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'Mr Clean' Christophe Bassons handed one-year ban after missing in-competition drugs test

Man frozen out of sport after speaking out against Lance Armstrong had abandoned MTB race and gone home before being selected for random test

Even in the crazy world of professional bike racing, some headlines still have the power to shock. Today’s news that Christophe Bassons has received a one-year ban for missing a doping control is one of those, going beyond the merely improbable –  ‘Lance Armstrong banned for life,’ or ‘Briton wins the Tour de France’ – and into another realm altogether.

The 38-year-old, whose career in road cycling ended more than a decade ago after he was in effect bullied out of the sport after speaking out against doping, was selected for a random doping control after the French mountain bike marathon championships at the start of September.

The problem was that he’d abandoned the race 20 kilometres from the finish and headed home and didn’t have enough time to get back.

Out of competition, miss three tests and you’re facing a ban, but for an in-competition test, you only have to miss one.

As a result of the missed doping control, Bassons has been handed a one-year ban by the French cycling federation, the FFC.

“When I stopped, someone from the race organisation asked my name, took a note of my race number and immediately informed race control,” Bassons told L’Equipe.

“I realise my error in not having waited until the end of the race to see if my name appeared on the list of riders to be tested.

“I took the road to Bordeaux [where he lives] and it was only two and a half hours after my abandonment that I got a phone call from the race timekeeper saying that I had to undergo a test. It was too late to get back to the site of the race.

“Why didn’t they call me earlier? Why such a heavy sanction? I don’t understand.”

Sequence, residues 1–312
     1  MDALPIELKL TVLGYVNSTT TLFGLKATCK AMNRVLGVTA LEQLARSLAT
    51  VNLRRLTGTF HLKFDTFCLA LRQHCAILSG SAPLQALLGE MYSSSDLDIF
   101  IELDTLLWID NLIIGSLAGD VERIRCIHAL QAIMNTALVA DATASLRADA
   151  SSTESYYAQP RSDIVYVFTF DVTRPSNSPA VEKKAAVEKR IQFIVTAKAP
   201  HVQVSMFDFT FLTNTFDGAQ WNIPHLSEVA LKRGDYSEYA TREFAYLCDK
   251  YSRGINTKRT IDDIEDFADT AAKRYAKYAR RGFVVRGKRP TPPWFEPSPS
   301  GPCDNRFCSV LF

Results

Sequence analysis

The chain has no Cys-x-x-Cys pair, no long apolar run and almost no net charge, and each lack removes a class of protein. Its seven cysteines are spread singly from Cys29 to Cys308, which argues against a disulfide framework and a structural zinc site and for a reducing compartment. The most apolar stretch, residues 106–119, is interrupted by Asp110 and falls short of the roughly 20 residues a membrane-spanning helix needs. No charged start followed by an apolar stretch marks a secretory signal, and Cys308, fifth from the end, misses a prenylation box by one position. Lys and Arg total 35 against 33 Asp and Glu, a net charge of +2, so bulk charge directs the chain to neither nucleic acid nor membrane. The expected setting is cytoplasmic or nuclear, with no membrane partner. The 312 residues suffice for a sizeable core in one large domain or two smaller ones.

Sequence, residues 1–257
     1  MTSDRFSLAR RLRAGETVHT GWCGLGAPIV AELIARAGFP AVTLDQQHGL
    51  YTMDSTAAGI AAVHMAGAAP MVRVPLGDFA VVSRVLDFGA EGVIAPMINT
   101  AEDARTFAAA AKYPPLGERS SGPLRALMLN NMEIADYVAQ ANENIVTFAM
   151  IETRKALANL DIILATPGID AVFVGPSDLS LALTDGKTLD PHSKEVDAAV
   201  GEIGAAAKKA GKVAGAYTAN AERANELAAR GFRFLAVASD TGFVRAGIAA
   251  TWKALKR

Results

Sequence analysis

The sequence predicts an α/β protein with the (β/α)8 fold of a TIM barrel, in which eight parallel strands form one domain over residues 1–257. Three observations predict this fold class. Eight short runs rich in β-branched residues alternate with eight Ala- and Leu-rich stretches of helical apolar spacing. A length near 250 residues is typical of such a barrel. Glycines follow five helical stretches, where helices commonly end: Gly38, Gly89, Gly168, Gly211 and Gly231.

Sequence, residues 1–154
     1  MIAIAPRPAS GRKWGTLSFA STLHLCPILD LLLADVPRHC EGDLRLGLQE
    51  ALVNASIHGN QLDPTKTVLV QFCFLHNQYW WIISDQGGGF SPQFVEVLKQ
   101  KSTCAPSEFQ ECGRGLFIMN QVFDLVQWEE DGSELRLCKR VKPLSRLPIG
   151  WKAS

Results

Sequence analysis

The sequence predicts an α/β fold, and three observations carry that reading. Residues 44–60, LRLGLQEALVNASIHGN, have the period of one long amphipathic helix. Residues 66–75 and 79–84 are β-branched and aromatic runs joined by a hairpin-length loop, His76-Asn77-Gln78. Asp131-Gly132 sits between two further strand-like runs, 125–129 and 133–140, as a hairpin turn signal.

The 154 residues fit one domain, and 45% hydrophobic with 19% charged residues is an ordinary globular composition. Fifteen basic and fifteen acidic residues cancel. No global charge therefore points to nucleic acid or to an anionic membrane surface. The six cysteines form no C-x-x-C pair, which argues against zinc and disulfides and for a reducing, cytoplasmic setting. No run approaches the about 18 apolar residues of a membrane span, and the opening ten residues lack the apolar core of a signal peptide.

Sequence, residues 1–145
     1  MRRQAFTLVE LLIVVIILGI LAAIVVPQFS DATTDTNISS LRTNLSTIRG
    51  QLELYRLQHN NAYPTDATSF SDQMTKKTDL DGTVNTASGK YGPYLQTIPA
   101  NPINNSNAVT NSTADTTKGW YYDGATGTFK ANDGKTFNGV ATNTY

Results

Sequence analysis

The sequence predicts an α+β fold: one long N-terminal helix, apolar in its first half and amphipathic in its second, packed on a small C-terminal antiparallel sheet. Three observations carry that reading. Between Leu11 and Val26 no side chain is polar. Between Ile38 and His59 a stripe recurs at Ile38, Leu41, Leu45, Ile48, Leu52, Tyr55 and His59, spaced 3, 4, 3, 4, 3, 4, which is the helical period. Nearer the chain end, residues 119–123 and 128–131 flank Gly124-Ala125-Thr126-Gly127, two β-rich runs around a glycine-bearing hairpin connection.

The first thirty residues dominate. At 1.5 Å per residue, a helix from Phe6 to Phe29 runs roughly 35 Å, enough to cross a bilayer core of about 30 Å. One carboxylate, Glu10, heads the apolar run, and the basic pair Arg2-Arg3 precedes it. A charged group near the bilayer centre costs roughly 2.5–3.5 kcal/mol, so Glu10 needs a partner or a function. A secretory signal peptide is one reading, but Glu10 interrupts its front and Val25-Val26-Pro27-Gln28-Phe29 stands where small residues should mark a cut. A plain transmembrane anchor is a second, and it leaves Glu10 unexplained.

Bassons has been in the news of late for being the man who first publicly pointed the finger at Lance Armstrong, raising questions about the Texan’s performance in the 1999 Tour de France, his first after recovering from cancer, and the first of the seven successive editions he would win.

He had already earned the reputation of being the ‘Mr Clean’ of the peloton after Festina team mates during the 1998 Tour de France identified him as being the only rider not using drugs in the wake of the scandal that engulfed that team, and he has recently said he turned down a significant pay rise that was conditional on him using EPO.

The following year, Bassons was riding the Tour for FDJ and also writing about his experience in a diary published in the newspaper Le Parisien. Tour organisers had hoped that year’s race would mark a fresh start from the doping that had come to blight the sport, culminating in the previous year’s chaos. They were wrong.

So too was Bassons when he assumed that his opinion in one of his articles, in which he spoke of how “shocked” he was at Armstrong’s performance that year, reflected the general view of the peloton.

The following day, on a stage from Sestriere to Alpe d’Huez, Bassons learnt from a mechanic that the peloton was planning to go slow for 100 kilometres in protest at his comments. He went on the attack, but was chased down by a peloton led not only by US Postal but also his own FDJ team.

Armstrong asumed the role of spokesman. “Go home,” he told the young Frenchman forcefully.

Afterwards, recounts The Observer, Armstrong told the press: "His accusations aren't good for cycling, for his team, for me, for anybody. If he thinks cycling works like that, he's wrong and he would be better off going home."

Bassons did just that, abandoning the Tour, and although he would race for the following two seasons with the Jean Delatour team, he was frozen out by fellow professionals as the law of omertà came into play, and his career as a pro racer would end in 2001 at the age of 27.

He would later go on to qualify as a sports teacher and now works in antidoping in Bordeaux, where he lives.

It’s said that in a democracy, it is preferable that the criminal justice system occasionally acquits guilty people, rather than convicting the innocent.

Should it be the same when it comes to doping, or should we accept that the price to pay for ensuring the guilty are caught is that those who did nothing wrong other than being a victim of circumstance should also pay, pour encourager les autres?

Simon has been news editor at since 2009, reporting on 10 editions and counting of pro cycling’s biggest races such as the Tour de France, stories on issues including infrastructure and campaigning, and interviewing some of the biggest names in cycling. A law and languages graduate, published translator and former retail analyst, his background has proved invaluable in reporting on issues as diverse as cycling-related court cases, anti-doping investigations, and the bike industry. He splits his time between London and Cambridge, and loves taking his miniature schnauzer Elodie on adventures in the basket of her Elephant Bike.

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